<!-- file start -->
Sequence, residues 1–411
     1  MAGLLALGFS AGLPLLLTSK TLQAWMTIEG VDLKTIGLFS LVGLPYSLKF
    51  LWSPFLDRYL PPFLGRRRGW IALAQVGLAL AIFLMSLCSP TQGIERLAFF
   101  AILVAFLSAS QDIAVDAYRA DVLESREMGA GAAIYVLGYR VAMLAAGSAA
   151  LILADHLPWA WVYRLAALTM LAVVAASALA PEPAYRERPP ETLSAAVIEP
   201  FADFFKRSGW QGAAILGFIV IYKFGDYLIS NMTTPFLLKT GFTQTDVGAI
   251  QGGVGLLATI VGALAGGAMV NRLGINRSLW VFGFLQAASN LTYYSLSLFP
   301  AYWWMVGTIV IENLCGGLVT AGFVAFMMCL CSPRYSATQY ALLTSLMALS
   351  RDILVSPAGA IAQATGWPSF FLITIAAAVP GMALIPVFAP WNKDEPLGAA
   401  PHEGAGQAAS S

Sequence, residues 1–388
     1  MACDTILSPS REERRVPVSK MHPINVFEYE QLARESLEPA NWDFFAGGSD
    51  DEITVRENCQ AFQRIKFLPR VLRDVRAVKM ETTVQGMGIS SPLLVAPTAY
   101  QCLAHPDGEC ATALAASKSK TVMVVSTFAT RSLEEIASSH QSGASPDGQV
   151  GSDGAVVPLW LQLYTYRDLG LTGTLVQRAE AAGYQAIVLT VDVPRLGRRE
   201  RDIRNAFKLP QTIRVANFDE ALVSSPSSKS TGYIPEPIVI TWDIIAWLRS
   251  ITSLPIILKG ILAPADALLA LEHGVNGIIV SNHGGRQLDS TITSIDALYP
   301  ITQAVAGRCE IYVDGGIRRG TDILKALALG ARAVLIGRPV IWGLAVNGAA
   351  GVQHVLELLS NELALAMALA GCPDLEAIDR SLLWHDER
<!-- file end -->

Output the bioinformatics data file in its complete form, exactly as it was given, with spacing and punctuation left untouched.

Sequence, residues 1–411
     1  MAGLLALGFS AGLPLLLTSK TLQAWMTIEG VDLKTIGLFS LVGLPYSLKF
    51  LWSPFLDRYL PPFLGRRRGW IALAQVGLAL AIFLMSLCSP TQGIERLAFF
   101  AILVAFLSAS QDIAVDAYRA DVLESREMGA GAAIYVLGYR VAMLAAGSAA
   151  LILADHLPWA WVYRLAALTM LAVVAASALA PEPAYRERPP ETLSAAVIEP
   201  FADFFKRSGW QGAAILGFIV IYKFGDYLIS NMTTPFLLKT GFTQTDVGAI
   251  QGGVGLLATI VGALAGGAMV NRLGINRSLW VFGFLQAASN LTYYSLSLFP
   301  AYWWMVGTIV IENLCGGLVT AGFVAFMMCL CSPRYSATQY ALLTSLMALS
   351  RDILVSPAGA IAQATGWPSF FLITIAAAVP GMALIPVFAP WNKDEPLGAA
   401  PHEGAGQAAS S

Sequence, residues 1–388
     1  MACDTILSPS REERRVPVSK MHPINVFEYE QLARESLEPA NWDFFAGGSD
    51  DEITVRENCQ AFQRIKFLPR VLRDVRAVKM ETTVQGMGIS SPLLVAPTAY
   101  QCLAHPDGEC ATALAASKSK TVMVVSTFAT RSLEEIASSH QSGASPDGQV
   151  GSDGAVVPLW LQLYTYRDLG LTGTLVQRAE AAGYQAIVLT VDVPRLGRRE
   201  RDIRNAFKLP QTIRVANFDE ALVSSPSSKS TGYIPEPIVI TWDIIAWLRS
   251  ITSLPIILKG ILAPADALLA LEHGVNGIIV SNHGGRQLDS TITSIDALYP
   301  ITQAVAGRCE IYVDGGIRRG TDILKALALG ARAVLIGRPV IWGLAVNGAA
   351  GVQHVLELLS NELALAMALA GCPDLEAIDR SLLWHDER